While wasting time on the Internet in grad school, I ran across this article from Seth Roberts, a psych-ologist with a weird brain who's bucked the academic mainstream in interesting and occasionally useful ways. The tl;dr is that he hated studying Chinese flashcards, and he hated the treadmill, but he really enjoyed doing both together. "Boring + boring = pleasant," per the title of the article.
        This is a bit of what I think is going on in hybrid art forms like comics and songwriting. Each part of the whole has to make space for the other; if you've got art as complex as Bosch duking it out with language as complex as Shakespeare 
you're going to break your reader's brain. You can do it for set pieces, and you can push limits without breaking them—Neil Gaiman, Dave Sim, and Carla Speed McNeil all manage. But you can't sustain it. Or, at least, you can't expect your reader to.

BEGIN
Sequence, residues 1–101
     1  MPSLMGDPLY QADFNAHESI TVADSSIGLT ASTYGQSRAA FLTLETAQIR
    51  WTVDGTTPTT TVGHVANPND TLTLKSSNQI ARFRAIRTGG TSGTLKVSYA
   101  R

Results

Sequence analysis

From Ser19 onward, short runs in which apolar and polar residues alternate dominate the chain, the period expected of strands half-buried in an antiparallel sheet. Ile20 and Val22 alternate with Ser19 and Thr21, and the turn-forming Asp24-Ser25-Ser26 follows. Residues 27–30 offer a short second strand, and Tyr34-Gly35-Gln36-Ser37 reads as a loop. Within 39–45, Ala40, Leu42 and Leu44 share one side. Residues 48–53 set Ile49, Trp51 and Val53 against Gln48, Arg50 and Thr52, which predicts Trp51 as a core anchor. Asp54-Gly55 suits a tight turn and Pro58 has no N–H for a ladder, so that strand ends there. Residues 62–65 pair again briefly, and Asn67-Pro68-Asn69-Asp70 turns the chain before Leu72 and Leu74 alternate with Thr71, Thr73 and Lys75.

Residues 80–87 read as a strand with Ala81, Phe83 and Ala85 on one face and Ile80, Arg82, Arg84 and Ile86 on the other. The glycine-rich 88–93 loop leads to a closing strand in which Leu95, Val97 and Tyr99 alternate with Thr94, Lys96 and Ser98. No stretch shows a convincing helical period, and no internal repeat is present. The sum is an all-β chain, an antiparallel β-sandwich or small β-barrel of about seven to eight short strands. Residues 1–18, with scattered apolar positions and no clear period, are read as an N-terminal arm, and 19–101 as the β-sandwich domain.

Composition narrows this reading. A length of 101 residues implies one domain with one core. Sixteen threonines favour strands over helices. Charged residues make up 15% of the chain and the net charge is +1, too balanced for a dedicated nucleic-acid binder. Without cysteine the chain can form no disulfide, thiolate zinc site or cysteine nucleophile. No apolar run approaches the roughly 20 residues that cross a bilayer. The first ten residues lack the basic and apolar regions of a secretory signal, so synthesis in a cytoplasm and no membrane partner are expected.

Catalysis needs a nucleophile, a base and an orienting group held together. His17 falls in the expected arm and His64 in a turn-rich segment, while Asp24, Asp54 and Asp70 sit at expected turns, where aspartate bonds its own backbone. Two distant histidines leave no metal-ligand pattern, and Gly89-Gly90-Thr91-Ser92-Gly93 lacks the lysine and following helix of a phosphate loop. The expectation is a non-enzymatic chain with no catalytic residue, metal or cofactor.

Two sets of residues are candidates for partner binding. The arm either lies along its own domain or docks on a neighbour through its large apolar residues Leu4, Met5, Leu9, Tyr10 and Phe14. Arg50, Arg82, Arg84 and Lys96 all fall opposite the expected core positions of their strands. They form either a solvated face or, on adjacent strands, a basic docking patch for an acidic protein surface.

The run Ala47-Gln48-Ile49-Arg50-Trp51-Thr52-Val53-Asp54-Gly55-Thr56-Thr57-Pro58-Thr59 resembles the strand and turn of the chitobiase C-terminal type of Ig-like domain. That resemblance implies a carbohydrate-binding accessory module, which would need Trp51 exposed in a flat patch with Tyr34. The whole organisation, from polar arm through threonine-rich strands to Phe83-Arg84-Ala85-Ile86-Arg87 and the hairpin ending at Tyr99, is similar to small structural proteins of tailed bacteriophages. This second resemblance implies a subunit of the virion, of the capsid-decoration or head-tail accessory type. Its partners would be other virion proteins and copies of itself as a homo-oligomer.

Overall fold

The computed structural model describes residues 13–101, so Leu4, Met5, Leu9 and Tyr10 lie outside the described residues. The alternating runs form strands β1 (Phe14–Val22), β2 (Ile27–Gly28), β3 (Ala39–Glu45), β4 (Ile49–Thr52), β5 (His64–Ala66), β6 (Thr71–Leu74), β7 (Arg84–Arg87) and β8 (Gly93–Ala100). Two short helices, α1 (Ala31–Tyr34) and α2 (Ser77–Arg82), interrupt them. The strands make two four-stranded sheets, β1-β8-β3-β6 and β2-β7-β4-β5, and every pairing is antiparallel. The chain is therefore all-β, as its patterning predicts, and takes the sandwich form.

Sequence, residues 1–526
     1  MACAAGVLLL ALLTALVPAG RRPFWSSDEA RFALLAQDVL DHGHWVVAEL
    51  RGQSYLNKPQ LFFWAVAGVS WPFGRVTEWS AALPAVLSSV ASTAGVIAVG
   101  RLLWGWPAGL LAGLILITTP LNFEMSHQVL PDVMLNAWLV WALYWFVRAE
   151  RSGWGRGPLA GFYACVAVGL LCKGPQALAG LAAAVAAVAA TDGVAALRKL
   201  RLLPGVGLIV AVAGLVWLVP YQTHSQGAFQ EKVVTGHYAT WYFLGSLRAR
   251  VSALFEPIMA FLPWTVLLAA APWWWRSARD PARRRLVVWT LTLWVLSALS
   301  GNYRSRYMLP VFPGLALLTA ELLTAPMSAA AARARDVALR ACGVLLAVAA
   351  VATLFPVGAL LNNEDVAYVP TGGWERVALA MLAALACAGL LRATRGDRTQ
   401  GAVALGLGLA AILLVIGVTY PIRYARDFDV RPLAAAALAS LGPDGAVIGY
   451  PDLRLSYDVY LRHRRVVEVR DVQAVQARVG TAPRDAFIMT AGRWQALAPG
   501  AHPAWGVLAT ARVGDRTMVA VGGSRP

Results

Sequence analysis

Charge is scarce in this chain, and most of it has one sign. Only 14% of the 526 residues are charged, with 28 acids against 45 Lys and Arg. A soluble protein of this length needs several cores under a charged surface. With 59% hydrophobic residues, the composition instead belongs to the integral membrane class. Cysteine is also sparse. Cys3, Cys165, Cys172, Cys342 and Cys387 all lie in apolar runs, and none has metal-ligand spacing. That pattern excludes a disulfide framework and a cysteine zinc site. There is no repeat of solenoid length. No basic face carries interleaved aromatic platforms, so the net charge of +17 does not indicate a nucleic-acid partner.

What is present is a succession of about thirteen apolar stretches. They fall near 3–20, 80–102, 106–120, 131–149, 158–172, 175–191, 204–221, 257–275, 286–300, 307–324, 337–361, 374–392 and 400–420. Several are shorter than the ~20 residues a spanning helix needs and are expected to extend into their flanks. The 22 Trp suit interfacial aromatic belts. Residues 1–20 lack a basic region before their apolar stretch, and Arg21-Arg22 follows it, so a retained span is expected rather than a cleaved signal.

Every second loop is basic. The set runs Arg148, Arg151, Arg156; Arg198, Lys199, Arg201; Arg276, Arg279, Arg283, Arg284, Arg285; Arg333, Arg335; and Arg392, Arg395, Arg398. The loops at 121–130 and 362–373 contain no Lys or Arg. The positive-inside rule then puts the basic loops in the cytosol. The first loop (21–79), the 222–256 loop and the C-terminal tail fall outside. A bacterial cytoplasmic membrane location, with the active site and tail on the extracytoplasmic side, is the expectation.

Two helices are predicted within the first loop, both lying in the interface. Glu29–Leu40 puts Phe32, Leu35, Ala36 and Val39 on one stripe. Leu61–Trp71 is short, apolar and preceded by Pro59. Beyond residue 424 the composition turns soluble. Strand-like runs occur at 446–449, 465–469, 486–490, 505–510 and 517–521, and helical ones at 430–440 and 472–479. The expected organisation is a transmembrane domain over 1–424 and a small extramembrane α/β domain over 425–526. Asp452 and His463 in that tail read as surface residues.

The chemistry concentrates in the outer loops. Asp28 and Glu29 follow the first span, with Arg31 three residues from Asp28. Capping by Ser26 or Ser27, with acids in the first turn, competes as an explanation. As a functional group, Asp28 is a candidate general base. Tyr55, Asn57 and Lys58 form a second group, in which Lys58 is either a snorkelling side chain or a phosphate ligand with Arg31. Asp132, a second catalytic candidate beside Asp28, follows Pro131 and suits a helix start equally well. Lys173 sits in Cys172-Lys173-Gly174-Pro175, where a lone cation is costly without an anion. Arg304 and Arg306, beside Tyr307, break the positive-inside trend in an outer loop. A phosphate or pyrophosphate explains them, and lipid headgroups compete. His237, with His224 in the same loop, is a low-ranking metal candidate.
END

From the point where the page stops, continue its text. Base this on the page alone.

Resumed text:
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Before I began to dive into music, you could say the work I was doing was poetry. As much as I loved writing it, there was nothing better than that initial moment when I created a melody to the words and sang them for the first time. It brought another level of physical and emotional power to the words. 
        I once heard someone say that when you speak it is the human voice but when you sing it is the voice of our spirit. Whether this is something that you relate to you or not, it is definitely true for me. I really believe that.  
        Music can penetrate far quicker than any other art form. Sound creates a conversation with our whole being, has the power to alter our moods, change the way we look at things, and give us clarity. So in many ways I wouldn't really call the person who does that a poet or a lyricist but actually a magician.